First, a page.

It is interesting to note that there are three sets of fathers and sons on the 'Wall'.

What is amazing is that 39,996 on the Wall were just 22 years old or younger and 
8,283 were just 19 years old. The largest age group of 33,103 were 18 years old.  
12 names on the Wall were 17 years old and though it is hard to believe five were just 16 years old. One soldier, PFC Dan Bullock, was only 15 years old.

997 names on the wall were killed on their first day in Vietnam and 1,448 soldiers were killed on their last day in Vietnam.

There are 31 sets of brothers are on the Wall.

There are also 31 sets of parents lost two of their sons.

54 men attended Thomas Edison High School in Philadelphia.  (I wonder why so many were from one school?)

8 women are on the Wall, all nurses, who were tending to the wounded.

244 military personnel names were awarded the Medal of Honor during the Vietnam War; 153 of them are listed on the Wall.

Beallsville, Ohio, with a population of 475, lost 6 of her sons.

West Virginia had the highest casualty rate per capita in the nation. There are 711 West Virginians on the Wall.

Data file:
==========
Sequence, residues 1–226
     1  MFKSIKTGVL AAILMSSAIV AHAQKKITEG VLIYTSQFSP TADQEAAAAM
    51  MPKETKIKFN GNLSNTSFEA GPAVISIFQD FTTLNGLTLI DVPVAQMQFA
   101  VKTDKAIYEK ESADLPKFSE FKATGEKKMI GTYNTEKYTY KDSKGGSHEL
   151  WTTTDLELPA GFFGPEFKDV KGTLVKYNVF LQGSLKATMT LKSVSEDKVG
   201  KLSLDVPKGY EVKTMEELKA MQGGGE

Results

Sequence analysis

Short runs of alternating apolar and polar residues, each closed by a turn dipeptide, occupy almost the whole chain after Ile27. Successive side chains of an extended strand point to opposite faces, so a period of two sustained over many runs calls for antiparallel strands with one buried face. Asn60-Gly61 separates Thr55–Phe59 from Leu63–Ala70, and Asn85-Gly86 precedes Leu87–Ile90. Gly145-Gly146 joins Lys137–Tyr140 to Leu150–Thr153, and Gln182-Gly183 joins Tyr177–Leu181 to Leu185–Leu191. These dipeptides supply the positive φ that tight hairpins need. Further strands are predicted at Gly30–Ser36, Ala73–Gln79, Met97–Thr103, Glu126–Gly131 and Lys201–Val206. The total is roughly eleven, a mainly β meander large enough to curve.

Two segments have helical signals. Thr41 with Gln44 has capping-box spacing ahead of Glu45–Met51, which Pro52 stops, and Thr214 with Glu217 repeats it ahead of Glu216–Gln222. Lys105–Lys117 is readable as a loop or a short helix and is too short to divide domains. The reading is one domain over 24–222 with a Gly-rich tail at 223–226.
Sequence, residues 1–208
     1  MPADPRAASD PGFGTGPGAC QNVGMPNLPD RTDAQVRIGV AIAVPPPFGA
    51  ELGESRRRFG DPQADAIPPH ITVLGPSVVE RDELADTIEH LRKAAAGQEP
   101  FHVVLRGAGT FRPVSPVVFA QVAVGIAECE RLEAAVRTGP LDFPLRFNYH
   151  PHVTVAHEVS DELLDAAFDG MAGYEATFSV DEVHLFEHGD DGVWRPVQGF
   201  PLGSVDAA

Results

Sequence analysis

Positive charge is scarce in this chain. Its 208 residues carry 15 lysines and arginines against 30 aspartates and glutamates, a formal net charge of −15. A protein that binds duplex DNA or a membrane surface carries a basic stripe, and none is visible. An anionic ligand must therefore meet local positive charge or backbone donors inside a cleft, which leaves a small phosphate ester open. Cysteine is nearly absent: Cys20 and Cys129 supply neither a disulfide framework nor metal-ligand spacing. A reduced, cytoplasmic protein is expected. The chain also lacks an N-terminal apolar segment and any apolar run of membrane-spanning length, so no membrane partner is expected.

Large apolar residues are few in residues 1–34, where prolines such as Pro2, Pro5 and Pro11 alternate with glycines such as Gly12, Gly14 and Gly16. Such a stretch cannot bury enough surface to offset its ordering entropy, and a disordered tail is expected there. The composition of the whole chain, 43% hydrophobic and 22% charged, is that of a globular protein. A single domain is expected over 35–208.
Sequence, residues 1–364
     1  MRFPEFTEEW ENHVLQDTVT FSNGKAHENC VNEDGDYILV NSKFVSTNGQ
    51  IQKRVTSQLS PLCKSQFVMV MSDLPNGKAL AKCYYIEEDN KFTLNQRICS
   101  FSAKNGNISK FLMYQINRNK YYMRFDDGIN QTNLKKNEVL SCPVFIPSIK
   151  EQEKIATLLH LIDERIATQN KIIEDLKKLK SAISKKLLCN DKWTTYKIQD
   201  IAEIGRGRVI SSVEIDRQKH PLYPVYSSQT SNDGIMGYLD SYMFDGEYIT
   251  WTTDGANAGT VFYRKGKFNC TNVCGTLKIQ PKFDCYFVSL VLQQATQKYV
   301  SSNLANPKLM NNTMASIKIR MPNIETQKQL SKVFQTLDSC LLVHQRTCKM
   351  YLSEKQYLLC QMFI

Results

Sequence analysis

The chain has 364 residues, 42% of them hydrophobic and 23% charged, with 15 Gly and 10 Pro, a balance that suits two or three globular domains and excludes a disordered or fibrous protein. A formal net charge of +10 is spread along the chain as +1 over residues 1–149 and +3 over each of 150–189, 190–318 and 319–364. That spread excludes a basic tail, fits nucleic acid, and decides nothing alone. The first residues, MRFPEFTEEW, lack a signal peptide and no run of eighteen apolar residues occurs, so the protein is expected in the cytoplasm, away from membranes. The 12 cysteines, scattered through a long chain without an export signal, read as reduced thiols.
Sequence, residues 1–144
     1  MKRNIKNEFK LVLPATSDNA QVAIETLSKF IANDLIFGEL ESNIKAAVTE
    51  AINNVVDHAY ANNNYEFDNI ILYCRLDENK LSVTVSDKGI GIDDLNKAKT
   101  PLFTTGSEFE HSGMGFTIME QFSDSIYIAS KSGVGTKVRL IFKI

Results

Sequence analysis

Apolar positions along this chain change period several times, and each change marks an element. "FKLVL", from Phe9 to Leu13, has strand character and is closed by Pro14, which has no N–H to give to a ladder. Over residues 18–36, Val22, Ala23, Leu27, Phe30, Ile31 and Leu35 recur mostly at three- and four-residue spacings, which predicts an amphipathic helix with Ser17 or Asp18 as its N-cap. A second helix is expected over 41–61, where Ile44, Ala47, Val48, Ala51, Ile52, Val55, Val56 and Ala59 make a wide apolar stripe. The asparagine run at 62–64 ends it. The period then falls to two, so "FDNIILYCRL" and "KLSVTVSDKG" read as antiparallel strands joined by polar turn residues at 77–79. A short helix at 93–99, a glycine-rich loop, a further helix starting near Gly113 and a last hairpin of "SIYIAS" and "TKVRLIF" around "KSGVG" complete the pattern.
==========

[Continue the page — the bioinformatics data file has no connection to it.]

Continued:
And don't forget about "The Marines of Morenci" They led some of the scrappiest high school football and basketball teams that the little Arizona copper town of Morenci (pop. 5,058) had ever known.  After the games they enjoyed roaring beer busts.  In quieter moments, they rode horses along the Coronado Trail and stalked deer in the Apache National Forest.   In the patriotic camaraderie typical of Morenci's families, the nine graduates of Morenci High enlisted together as a group in the US Marine Corps. Their service began on Independence Day, 1966 however only three returned home.

The Buddies of Midvale - Leroy Tafoya, Jimmy Martinez, Tom Gonzales, were all boyhood friends and lived on three consecutive streets in Midvale, Utah, on Fifth, Sixth and Seventh Avenues.  They lived only a few yards apart and played ball at the adjacent sandlot ball field.  And they all went to Vietnam.  In a span of 16 dark days in late 1967, all three were killed.  Leroy was died on Wednesday, November 22, the fourth anniversary of John F. Kennedy's assassination.  Jimmy died less than 24 hours later on Thanksgiving Day.  Tom was shot dead assaulting the enemy on December 7, Pearl Harbor Remembrance Day.

The most casualty deaths for a single day in Viet Nam was on January 31, 1968 ~ 245 deaths.

The most casualty deaths for a single month was May 1968 - 2,415 casualties were incurred.

Most Americans who read this, will only see the numbers the Vietnam War created.  For those of us who survived the war and to the families of those who did not, we see the faces and feel the pain these numbers created. We are, until we pass away, haunted with these numbers. These were our friends, our fathers, our husbands, our wives, our sons and our daughters. 

Never forget - there are no noble wars, just noble warriors.

Please pass this on to your family and friends, especially all those who served or grew up during this time.